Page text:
The Myth of Prometheus
Oskar Kokoschka was commissioned to paint this large triptych in 1950 by Count Antoine Seilern for the entrance-hall ceiling of his London house, 56 Princes Gate, South Kensington. Kokoschka spent over six months working on the canvases on easels in a room at the house. On 15 July he wrote: ‘I put the last brush-stroke (I feel like saying axe-stroke) to my ceiling painting yesterday… This is perhaps my last big painting, and perhaps it’s my best.’ The commission gave Kokoschka the opportunity to produce a monumental work following the tradition of Baroque painters such as Rubens and Tiepolo, whom he admired and whose work formed a central part of Seilern’s art collection.
Kokoschka reworked biblical and mythological stories in the triptych to express his fears for humanity following the Second World War and the beginning of the Cold War era. The central canvas shows the Four Horsemen of the Apocalypse charging towards unsuspecting figures on the hillside opposite. This apocalyptic vision is flanked on the right by a canvas depicting Prometheus in chains, as punished by Zeus for stealing the fire of divine wisdom. For Kokoschka, Prometheus symbolised humanity’s deadly desire for power beyond its control. The left-hand canvas shows the earth goddess Demeter receiving her daughter Persephone as she is freed from the clutches of Hades, god of the underworld (represented as the artist’s self-portrait). This scene offers the hope of freedom and regeneration, which Kokoschka maintained was only possible by returning to compassionate maternal values, depicted here as the joyful reunion of mother and daughter.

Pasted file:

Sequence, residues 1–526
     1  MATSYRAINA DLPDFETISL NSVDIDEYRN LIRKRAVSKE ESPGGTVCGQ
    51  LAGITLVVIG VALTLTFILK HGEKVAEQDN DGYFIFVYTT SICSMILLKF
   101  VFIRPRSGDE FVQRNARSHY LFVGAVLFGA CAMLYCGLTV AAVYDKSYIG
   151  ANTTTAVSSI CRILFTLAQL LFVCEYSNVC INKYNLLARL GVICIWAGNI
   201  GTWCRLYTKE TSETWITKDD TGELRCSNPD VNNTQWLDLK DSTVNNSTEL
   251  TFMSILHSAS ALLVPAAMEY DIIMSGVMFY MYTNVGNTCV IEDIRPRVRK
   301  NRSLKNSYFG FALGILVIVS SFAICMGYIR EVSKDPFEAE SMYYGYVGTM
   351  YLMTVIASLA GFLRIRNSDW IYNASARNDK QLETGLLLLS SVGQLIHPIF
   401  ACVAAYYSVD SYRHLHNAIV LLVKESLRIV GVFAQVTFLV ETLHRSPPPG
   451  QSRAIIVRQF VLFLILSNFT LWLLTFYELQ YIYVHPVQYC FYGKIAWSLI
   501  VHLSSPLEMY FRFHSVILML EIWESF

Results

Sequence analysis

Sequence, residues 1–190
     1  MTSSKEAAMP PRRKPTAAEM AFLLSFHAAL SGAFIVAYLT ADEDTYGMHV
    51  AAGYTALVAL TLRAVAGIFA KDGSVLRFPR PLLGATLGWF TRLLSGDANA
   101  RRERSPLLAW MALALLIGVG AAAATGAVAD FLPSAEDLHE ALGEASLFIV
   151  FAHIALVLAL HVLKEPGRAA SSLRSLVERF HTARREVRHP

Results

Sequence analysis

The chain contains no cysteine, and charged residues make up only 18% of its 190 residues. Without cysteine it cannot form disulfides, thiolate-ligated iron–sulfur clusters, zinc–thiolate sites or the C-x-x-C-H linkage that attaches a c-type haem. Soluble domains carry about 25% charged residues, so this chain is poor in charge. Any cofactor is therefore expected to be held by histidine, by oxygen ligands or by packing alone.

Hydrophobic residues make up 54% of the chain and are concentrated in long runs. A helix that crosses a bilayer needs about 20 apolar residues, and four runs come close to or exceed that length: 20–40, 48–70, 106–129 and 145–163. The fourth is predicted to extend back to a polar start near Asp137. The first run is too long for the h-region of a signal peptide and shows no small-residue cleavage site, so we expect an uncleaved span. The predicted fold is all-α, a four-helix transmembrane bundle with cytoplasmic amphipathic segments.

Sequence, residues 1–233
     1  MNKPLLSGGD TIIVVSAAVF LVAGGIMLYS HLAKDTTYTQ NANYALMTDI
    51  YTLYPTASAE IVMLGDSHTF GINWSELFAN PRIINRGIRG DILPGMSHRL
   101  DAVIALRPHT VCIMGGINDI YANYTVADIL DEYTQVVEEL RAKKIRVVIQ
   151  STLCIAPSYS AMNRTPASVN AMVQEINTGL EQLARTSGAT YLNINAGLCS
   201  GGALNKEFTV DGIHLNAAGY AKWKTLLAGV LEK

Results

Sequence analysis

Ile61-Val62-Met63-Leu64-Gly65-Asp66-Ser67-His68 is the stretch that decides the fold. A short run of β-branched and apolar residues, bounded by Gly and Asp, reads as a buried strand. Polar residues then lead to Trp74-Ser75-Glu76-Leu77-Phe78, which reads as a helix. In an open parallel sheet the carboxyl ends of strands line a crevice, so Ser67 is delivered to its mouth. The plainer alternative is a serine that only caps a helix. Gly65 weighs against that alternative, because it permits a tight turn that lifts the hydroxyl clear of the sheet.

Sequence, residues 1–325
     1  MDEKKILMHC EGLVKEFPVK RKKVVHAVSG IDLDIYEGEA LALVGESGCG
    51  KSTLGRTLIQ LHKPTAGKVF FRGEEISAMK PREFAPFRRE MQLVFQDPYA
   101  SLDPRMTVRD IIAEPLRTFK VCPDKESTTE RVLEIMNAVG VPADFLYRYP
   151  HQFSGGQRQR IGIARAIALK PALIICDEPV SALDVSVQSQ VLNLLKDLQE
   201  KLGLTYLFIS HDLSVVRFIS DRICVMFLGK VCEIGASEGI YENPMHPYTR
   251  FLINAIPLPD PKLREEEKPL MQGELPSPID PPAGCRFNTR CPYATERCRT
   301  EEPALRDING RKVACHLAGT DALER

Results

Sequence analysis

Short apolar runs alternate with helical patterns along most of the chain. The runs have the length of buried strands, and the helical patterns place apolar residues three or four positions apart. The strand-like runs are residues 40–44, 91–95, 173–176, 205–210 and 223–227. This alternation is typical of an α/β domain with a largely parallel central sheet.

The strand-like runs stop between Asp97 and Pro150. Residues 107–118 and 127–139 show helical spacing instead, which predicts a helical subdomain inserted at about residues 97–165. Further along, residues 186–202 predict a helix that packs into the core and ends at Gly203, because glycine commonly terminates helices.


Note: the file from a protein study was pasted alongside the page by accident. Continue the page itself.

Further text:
“a single marvellous thing on which to brood […] the most important 20th century German painting in Britain.”Brian Sewell, Evening Standard
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